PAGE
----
All my fellow INFPs can probably relay at least many handfuls of times where they started something they never end up finishing. We go into things with such passion and an honest intention of completing them. However, after a few weeks, days, or just hours, we get distracted by something else. This distraction can lead to other distractions. Soon, the passionate project we want to complete continues to only be an idea in our head. INFP seems to stand for I Never Finish Projects.
What Causes Us To Not Finish Projects
1. Aiming too High
Sometimes we create a very robust idea that would take a lot of time and effort. It is not to say it can’t be done, but it just won’t be done as fast as an INFP would like: immediately. Sometimes if there is a deadline set for us, the grandiose ideas can’t be accomplished in that time frame. This can cause an INFP to give up completely on the idea because it will never be as good as they wanted. Or they will put things off because they are afraid they won’t be able to meet those expectations. I personally think the phrase “lazy …
I often found that the description of an INFP can sound something like a happy little imp frolicking through the forest. This same imp lays under the stars dreaming of fantastical creatures. Think Luna Lovegood from Harry Potter, or Lulu from League of Legends. However I know that I and many other INFPs have a dark side to them that doesn’t fit that idealistic image.
INFPs Get Sad or Depressed Easily and Often
The dark side of an INFP can be a sad and lonely one. INFPs often make decisions based on their feelings. That is because we often feel A LOT and very strongly. These lyrics from The Front Bottoms instantly resonated with me and made me think how INFP-like they were:
“When I am sad, I am sad But when I’m happy, oh god I am happy there’s just no place in-between for us to meet “
The Front Bottoms – Flashlight
INFPs can often feel overemotional because of how intense our feelings can be. Those feelings allow me to extremely appreciate the nights out with friends laughing, or when someone lets me know I really helped them out by listening to them. However, it can also make …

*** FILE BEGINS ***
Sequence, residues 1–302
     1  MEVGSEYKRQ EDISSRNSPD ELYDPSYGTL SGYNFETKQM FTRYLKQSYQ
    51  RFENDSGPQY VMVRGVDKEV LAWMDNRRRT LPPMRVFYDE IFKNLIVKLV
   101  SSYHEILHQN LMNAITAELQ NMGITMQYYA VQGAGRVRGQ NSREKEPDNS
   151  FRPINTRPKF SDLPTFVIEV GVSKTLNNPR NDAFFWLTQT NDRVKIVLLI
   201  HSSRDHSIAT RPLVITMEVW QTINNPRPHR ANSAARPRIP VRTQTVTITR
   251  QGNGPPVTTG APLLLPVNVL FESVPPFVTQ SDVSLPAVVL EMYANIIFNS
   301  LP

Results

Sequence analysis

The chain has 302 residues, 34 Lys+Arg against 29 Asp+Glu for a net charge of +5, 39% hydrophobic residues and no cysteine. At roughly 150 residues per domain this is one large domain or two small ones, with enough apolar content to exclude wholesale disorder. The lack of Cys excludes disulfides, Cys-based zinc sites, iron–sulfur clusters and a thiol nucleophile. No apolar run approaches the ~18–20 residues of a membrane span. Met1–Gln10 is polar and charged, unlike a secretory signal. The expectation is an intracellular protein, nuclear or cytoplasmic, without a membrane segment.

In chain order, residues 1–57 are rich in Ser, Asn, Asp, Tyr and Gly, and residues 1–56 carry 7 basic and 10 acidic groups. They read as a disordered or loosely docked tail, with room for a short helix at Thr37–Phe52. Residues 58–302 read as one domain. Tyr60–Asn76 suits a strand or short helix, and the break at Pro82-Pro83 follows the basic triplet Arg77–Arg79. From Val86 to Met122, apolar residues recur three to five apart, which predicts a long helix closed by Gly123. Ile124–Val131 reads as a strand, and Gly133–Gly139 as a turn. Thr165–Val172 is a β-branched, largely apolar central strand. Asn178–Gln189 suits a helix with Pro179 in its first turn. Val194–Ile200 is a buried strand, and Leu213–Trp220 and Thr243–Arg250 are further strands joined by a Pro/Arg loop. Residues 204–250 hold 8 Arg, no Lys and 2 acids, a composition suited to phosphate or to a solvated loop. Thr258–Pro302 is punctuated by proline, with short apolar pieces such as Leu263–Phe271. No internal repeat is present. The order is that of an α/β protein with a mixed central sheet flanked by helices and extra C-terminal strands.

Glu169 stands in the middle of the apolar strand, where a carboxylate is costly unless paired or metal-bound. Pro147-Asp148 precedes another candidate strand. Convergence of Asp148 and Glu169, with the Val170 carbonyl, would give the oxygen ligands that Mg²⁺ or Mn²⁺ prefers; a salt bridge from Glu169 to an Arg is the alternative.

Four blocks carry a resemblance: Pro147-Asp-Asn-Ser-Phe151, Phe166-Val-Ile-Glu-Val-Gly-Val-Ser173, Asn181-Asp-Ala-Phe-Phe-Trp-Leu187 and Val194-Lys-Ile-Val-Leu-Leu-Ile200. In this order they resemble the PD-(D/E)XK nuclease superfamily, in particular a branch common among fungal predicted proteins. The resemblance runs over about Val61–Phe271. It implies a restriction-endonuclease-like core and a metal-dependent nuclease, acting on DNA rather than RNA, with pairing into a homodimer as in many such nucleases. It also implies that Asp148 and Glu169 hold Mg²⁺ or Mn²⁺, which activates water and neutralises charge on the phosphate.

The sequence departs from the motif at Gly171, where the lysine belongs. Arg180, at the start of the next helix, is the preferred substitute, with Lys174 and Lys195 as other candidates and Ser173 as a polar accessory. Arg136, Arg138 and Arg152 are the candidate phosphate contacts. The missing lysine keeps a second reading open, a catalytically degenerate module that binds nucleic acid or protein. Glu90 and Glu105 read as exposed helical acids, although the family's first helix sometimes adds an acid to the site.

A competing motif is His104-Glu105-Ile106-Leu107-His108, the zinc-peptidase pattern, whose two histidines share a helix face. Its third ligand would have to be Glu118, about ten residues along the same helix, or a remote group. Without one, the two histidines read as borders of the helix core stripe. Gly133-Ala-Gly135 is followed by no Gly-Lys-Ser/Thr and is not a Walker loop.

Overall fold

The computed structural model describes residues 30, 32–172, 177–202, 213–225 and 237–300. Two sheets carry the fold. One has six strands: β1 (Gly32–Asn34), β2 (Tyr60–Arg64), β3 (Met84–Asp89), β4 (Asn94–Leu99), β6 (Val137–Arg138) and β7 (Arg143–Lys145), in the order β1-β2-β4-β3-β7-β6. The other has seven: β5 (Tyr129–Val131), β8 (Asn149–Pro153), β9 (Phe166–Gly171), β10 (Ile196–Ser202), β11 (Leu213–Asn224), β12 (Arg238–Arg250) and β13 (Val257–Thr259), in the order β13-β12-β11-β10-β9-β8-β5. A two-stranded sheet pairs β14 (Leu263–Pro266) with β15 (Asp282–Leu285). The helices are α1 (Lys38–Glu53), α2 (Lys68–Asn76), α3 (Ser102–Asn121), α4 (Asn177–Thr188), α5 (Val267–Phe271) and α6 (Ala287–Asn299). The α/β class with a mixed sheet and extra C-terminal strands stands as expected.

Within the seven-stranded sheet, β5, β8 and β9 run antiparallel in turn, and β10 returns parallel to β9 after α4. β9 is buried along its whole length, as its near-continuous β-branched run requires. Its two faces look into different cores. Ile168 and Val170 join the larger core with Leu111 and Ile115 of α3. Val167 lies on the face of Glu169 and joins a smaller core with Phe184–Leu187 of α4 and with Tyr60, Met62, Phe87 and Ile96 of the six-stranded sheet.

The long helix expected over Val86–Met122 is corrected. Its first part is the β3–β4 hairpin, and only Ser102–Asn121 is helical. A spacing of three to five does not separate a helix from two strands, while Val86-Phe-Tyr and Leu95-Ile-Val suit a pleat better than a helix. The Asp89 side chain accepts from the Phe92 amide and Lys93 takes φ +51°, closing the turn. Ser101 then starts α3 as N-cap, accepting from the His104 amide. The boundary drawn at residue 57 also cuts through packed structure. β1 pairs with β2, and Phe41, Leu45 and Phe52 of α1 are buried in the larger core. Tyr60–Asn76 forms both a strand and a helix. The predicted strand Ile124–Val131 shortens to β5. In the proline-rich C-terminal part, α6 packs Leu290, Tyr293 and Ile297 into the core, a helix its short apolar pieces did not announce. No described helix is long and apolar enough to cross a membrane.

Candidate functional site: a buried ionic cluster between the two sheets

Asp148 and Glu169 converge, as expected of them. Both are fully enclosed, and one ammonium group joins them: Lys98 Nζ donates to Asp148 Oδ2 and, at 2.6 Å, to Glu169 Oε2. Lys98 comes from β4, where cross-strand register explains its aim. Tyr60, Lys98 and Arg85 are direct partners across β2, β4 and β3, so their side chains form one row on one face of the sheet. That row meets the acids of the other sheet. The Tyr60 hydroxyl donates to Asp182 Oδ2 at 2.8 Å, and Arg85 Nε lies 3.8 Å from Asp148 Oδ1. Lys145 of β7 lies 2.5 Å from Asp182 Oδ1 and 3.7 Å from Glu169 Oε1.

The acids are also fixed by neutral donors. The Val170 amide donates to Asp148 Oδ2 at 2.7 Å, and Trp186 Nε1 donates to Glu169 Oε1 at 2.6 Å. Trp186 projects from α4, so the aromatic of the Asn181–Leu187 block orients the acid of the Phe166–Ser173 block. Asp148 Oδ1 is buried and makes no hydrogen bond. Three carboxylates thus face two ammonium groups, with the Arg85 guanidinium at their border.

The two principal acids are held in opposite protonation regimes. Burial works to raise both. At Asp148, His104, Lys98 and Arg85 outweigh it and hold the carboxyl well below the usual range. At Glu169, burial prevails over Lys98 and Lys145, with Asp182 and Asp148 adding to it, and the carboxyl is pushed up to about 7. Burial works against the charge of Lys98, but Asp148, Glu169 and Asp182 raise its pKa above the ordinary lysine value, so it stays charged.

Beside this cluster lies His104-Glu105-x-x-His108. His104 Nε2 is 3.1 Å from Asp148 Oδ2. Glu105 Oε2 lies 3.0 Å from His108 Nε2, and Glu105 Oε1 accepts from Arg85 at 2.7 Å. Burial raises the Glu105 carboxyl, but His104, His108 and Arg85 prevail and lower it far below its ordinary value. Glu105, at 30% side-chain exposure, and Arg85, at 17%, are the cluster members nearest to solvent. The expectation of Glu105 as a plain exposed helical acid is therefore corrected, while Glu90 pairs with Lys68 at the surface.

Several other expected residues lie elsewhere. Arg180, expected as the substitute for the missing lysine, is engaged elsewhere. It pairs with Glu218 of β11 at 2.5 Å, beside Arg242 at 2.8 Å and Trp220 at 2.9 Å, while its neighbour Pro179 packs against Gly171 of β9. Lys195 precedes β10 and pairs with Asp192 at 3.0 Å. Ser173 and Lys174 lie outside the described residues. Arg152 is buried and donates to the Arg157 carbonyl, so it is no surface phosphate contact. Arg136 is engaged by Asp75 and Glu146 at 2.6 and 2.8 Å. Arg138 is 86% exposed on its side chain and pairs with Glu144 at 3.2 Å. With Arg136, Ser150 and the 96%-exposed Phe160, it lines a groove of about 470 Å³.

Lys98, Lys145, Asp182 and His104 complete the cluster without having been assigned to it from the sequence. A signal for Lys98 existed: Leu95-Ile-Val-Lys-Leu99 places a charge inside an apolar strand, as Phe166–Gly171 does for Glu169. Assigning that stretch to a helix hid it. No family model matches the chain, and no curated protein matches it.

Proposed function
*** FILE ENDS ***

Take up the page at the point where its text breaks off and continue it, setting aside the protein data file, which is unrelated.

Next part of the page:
When you spend all your time overthinking, it makes it difficult to get anything done. It can be exhausting thinking so much to the point it halts all your actions. I often find myself wishing I could turn off my brain and enjoy the moment.
INFP’s ability to get lost and live in their head is both a blessing and a curse. I often can spend hours contemplating ideas and different worlds, but then reality comes crashing down. I have to get some work done in the physical, as opposed to, imaginative world. When it comes to the real world, I often find it very hard to improvise. You know those people you have worked with on a school project who have not prepared at all for the upcoming presentation? But then they wing it and sound comfortable and knowledgeable? Then there is me who has left the project until the last minute, but stayed up all night trying to prepare. Regardless of my preparation time, I let out a fraction of what I planned to say. And along the way, also eliminated all my “funny” jokes I was going to throw in.
As an INFP, I often wonder if life would be easier as a different MBTI type. While there are many good sides to being an INFP, there are also many things INFPs struggle with. Here are a few common INFP struggles I have encountered.
1. Seeming Distant But Caring A LOT
INFPs often do not have many friends, but instead choose to have a few close ones. However, they can often seem distant even to close friends. That partially comes from being an introvert and wanting alone space and time. As an INFP, I can get so lost in my head that the simple task of sending a text could take a few days. It is important to remember to take time to check in on friends and be the one to initiate the conversation once in awhile. It sometimes is difficult to show my feelings on my face or in my words. Being able to communicate through writing allows INFPs to share their feelings in a comfortable way. Having time to think through their words can allow for more meaningful communication at their own pace.